La Belle Assemblée, February 1813.
“Half Full Dress”
Half Full Dress is one of the most confusing terms, and is never explained in any of the contemporary magazines. One assumes that readers understood what it meant. I can only suggest it is better than Half Dress but not quite as fine as Full Dress. I’m not sure what makes this dress better than a Half Dress, as it is rather simple. The lace sleeves are quite pretty, but is that enough to make this a Half Full Dress?
I do think the amber satin of the dress, shot with white, must have been lovely in person.
The General Observations on Fashion and Dress in this issue speaks at length about how “Wellington mania” has been surpassed by all things “Regency.” Hence, we have in this print a Regency cap. I’m not sure why, after 4 years, the Regent has suddenly become popular, but there you have it.
The print is described in the magazine as follows:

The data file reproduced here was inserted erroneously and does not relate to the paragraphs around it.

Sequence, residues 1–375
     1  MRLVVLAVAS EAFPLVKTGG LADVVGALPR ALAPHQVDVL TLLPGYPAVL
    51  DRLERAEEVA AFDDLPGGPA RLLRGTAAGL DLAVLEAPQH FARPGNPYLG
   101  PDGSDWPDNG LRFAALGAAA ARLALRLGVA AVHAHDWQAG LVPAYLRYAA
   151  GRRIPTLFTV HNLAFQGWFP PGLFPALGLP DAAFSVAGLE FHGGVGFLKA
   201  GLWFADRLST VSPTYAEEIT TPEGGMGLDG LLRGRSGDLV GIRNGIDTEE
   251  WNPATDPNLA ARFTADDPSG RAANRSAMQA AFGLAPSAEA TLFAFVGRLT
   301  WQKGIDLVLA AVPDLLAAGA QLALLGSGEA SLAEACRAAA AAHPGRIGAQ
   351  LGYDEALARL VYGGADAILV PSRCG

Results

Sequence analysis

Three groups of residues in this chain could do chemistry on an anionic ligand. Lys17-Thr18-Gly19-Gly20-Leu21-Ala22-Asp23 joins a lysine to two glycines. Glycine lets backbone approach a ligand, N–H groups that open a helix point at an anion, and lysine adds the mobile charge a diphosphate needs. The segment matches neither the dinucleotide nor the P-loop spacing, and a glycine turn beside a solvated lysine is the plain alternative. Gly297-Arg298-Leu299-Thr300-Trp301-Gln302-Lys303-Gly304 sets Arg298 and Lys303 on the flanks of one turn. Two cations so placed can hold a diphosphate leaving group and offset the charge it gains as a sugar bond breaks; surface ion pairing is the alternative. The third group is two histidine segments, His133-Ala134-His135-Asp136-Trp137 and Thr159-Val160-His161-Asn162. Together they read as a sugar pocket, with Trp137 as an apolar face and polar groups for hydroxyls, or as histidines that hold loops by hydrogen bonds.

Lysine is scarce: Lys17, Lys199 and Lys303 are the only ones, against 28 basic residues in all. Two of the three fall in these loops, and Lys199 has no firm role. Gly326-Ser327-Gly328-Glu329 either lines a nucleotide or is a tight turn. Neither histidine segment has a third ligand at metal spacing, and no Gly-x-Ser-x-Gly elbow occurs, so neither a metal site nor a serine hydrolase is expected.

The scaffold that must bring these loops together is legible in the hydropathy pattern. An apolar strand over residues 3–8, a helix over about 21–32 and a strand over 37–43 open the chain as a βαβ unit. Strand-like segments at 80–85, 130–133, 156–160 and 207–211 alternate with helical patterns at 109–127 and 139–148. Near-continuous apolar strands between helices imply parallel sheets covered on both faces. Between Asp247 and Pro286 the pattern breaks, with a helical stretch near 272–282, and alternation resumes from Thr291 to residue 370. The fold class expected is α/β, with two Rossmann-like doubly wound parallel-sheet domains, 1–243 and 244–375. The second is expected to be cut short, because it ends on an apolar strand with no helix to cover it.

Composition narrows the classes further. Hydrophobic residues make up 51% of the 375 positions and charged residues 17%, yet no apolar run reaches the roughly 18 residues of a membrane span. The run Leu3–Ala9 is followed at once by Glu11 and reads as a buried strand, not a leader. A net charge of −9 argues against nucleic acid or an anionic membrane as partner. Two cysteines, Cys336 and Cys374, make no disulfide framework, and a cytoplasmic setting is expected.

“Plain frock of amber satin cloth, shot with white, and ornamented round the bosom and the waist with a rich white silk trimming, which is called frost work; it is the lightest and most elegant thing we have seen for some time, and is universally worn; a double row of this trimming crosses the breast, and forms the shape of the bosom: the back, which is plain and very broad, is ornamented with pearl buttons, or small silks ones to correspond with the trimming. White lace sleeves, made very full, fastened about the middle of the arm by a broad band of letting in lace, and drawn up by two buttons near the shoulder, while the fullness which falls near the bottom is confined by one; plain demi-train. Regency cap of white lace, with a small front turned up all round, and what was formerly termed a beef eater’s crown; the lace in the crown drawn very full and tightened in by strings of pearl; a tassel of pearls is affixed to the right side of the crown, and a rich amber flower ornaments it in front. Pearl necklace and small cornelian ornament of an oval shape. White kid gloves and slippers.”